It requests the WHO secretariat to continue facilitating development of voluntary global performance targets on risk factors and service delivery mechanisms. It also asks WHO to help countries implement policies and practices, including on trauma care and rehabilitation; and facilitate preparations for the Fourth United Nations Global Road Safety Week in May 2017.
HIV, viral hepatitis and sexually transmitted infections
The World Health Assembly has adopted 3 global health sector strategies on: HIV, viral hepatitis and sexually transmitted infections (STIs) for the period 2016-2021. The integrated strategies highlight the critical role of Universal Health Coverage. Their targets are aligned with those laid out in the Sustainable Development Goals.
The strategies outline actions to be taken by countries and by the WHO secretariat. Each aims to accelerate and intensify the health sector response to further progress towards ending all 3 epidemics.
The HIV strategy aims to further accelerate the expansion of access to antiretroviral therapy to all people living with HIV as well as the further scale-up of prevention and testing to reach interim targets: since 2000, it has been estimated that as many as 7.8 million HIV-related deaths and 30 million new HIV infections have been averted. By 2020 the strategy aims to reduce global HIV-related deaths to below 500 000, to reduce new HIV infections to below 500 000 and to ensure zero new infections among infants.
The hepatitis strategy – the first of its kind – introduces the first-ever global targets for viral hepatitis. These include a 30% reduction in new cases of hepatitis B and C by 2020 and a 10% reduction in mortality. Key approaches will be to expand vaccination programmes for hepatitis A,B, and E; focus on preventing mother-to-child transmission of hepatitis B; improve injection, blood and surgical safety; “harm reduction” for people who inject drugs; and increase access to treatment for hepatitis B and C.
The STI strategy specifically emphasizes the need to scale up prevention, screening and surveillance, in particular for adolescents and other at-risk populations, as well as the need to control the spread and impact of drug resistance. Although diagnostic tests for STIs are widely used in high-income countries, in low- and middle-income countries, diagnostic tests are largely unavailable. Resistance of STIs – in particular gonorrhoea – to antibiotics has increased rapidly in recent years and has reduced treatment options. More than 1 million sexually transmitted infections (STIs) are acquired every day worldwide. Each year, there are an estimated 357 million new infections with 1 of 4 STIs: chlamydia, gonorrhoea, syphilis and trichomoniasis.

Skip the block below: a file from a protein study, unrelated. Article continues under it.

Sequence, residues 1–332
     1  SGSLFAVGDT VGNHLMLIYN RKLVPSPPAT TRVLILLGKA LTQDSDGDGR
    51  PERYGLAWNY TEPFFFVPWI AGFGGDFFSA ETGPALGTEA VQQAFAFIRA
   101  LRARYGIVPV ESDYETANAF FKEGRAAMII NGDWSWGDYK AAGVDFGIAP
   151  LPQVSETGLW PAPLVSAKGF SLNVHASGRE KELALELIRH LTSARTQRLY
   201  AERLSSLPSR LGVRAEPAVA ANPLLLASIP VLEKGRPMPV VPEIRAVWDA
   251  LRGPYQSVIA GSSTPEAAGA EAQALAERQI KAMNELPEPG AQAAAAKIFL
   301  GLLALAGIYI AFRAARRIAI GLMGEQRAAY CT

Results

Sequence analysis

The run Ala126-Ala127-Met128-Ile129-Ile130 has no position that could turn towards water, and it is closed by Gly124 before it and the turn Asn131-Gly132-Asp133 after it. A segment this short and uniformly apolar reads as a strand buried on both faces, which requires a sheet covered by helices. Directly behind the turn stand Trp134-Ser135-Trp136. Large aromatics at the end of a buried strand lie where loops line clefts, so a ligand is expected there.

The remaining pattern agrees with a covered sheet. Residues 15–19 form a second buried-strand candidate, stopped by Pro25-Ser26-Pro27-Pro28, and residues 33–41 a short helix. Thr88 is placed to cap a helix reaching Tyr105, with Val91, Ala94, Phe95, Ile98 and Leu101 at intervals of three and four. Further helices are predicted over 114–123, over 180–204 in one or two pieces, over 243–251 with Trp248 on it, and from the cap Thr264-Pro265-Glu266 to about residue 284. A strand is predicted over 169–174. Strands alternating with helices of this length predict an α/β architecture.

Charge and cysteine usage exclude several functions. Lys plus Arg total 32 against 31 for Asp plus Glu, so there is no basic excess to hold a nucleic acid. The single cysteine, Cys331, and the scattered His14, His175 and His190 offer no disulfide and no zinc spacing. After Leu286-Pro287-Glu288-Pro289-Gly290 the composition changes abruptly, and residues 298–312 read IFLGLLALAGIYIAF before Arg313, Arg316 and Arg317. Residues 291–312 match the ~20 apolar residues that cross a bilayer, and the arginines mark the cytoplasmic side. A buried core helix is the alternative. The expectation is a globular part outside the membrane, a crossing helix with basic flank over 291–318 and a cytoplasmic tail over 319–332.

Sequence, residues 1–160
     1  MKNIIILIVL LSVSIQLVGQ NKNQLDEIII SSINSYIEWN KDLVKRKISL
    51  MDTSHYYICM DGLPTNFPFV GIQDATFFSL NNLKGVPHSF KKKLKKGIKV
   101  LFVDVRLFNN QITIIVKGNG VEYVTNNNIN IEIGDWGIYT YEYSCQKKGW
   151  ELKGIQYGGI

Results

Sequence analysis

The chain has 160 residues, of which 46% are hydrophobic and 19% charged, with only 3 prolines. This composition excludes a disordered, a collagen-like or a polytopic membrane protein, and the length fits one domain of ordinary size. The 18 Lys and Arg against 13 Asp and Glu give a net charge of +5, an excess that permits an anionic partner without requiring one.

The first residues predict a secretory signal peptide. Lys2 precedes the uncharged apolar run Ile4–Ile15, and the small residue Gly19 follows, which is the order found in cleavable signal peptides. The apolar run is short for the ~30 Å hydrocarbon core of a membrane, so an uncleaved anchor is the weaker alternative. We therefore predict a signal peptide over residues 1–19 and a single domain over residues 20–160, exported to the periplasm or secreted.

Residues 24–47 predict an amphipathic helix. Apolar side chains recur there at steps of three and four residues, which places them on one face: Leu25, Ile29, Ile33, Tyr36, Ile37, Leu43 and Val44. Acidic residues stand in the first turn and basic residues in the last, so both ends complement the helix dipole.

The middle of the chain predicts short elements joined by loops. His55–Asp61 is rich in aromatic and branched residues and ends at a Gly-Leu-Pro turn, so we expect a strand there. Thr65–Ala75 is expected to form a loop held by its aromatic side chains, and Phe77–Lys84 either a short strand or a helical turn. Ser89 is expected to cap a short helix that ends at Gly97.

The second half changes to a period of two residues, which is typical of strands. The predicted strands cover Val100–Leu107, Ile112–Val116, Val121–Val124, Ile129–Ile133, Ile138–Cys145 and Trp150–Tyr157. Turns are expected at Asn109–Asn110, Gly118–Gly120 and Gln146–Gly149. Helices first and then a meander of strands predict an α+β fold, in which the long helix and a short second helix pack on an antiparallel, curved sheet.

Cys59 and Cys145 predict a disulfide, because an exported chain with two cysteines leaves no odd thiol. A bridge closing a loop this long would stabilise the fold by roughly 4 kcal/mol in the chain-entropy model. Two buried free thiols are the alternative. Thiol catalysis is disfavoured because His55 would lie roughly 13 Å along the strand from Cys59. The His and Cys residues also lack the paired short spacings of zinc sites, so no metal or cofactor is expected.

Integrated health services
The Health Assembly today adopted the WHO Framework on Integrated, People-Centred Health Services, which calls for a fundamental shift in the way health services are funded, managed and delivered.
Longer lifespans and the growing burden of long-term chronic conditions requiring complex interventions over many years are putting increasing pressure on health systems globally. Unless they are transformed, health systems will become increasingly fragmented, inefficient and unsustainable.
Integrated people-centred care means putting people and communities, not diseases, at the centre of health systems, and empowering people to take charge of their own health rather than being passive recipients of services. Evidence shows that health systems oriented around the needs of people and communities become more effective, cost less, improve health literacy and patient engagement, and are better prepared to respond to health crises.
Delegates requested WHO to develop indicators to track progress toward integrated people-centred health services.